The dealer Helen Lessore at the Beaux-Arts Gallery, London, gave Auerbach his first solo show in 1956. He was criticised for his thick application of paint, but found support from the critic David Sylvester, who wrote of 'the most exciting and impressive first one-man show by an English painter since Francis Bacon in 1949'. Sylvester countered remarks by various critics that the artist's work was closer to sculpture than to painting: 'in spite of the heaped-up paint, these are painterly images, not sculptural ones, have to be read as paintings, not as polychrome reliefs, and make their point just because their physical structure is virtually that of sculpture but their psychological impact is that of painting' (Sylvester, 'Young English Painting', The Listener, 12 January 1956). Kossoff later echoed these sentiments: 'in spite of the excessive piling on of paint, the effect of these works on the mind is of images recovered and reconceived in the barest and most particular light, the same light that seems to glow through the late, great, thin Turners ... an unpremeditated manifestation arising from the constant application of true draughtsmanship' (in Frank Auerbach, exhibition catalogue, Arts Council, Hayward Gallery, London 1978, p.9).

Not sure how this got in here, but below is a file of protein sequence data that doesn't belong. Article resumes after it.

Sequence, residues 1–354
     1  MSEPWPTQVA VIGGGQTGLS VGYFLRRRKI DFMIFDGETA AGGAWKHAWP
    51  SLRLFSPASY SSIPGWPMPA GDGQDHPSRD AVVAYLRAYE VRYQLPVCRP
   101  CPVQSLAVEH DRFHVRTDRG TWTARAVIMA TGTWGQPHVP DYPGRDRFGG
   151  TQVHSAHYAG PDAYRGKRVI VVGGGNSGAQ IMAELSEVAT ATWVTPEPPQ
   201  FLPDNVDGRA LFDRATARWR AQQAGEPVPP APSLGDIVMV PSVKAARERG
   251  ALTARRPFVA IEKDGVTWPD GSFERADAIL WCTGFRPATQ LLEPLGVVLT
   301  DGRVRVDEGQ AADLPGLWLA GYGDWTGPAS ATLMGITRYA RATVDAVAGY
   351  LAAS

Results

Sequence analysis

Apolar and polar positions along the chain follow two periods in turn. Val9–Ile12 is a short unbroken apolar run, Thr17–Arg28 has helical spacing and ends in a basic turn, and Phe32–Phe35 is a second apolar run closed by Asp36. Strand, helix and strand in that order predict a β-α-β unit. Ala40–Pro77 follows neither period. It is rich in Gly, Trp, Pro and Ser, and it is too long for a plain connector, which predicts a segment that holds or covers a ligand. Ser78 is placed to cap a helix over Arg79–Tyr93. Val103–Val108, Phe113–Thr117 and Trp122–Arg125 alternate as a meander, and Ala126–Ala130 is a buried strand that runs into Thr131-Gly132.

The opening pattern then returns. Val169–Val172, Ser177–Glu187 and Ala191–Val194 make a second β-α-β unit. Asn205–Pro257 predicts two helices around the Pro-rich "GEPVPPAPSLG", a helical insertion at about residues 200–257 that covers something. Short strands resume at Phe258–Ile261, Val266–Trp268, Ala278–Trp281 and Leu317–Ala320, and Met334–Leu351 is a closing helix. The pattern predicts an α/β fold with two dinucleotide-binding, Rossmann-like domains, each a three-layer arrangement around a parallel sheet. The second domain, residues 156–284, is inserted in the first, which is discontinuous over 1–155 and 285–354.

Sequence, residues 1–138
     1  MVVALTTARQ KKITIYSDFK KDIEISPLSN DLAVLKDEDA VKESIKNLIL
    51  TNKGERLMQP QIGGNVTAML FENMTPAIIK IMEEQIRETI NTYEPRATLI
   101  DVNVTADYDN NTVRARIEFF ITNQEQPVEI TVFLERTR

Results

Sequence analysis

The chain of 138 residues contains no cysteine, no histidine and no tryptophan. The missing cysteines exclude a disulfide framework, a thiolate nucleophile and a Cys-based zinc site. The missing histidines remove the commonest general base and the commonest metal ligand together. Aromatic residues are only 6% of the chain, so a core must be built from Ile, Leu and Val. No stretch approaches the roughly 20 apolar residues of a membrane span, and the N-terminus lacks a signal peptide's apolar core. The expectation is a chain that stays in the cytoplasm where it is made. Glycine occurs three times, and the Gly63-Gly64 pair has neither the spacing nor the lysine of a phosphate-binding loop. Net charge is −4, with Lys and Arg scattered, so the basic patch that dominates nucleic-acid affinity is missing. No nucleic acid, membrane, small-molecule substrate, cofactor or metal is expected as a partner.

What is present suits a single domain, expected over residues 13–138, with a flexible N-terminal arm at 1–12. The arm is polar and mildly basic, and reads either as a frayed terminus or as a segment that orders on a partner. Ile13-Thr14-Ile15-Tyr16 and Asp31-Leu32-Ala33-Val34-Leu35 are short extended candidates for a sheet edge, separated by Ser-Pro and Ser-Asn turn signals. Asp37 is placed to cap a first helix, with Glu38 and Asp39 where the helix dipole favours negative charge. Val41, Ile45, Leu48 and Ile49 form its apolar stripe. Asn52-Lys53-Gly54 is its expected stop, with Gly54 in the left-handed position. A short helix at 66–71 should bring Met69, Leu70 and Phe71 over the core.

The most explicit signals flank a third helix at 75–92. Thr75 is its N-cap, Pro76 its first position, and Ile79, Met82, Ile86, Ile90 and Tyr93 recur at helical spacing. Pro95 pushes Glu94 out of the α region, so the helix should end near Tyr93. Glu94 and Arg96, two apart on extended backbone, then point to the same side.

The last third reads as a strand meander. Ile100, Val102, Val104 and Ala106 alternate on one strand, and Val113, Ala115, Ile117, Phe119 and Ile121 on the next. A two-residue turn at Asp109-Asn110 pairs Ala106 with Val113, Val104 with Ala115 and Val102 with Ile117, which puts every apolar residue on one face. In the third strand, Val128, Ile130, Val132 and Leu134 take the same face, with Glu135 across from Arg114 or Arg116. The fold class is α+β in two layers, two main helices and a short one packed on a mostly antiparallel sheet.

Auerbach exhibited regularly at the Beaux-Arts Gallery until 1963. From 1965 he exhibited at the Marlborough Gallery. He was given an Arts Council retrospective at the Hayward Gallery, London in 1978, and had solo exhibitions at the British Pavilion in the 1986 Venice Biennale, and at the Rijksmuseum Vincent Van Gogh, Amsterdam, 1989. Group shows in which he has participated include Tooth and Sons, London, in 1958, Pittsburgh International Exhibition at the Carnegie Institute in 1958 and 1961, '54/64 Painting and Sculpture of a Decade at the Tate Gallery, 1964, British Painting in the Sixties organised by the Contemporary Arts Society in 1964, and The Human Clay, selected by R.B. Kitaj, held at the Hayward, 1976.
Robert Hughes, Frank Auerbach, London 1990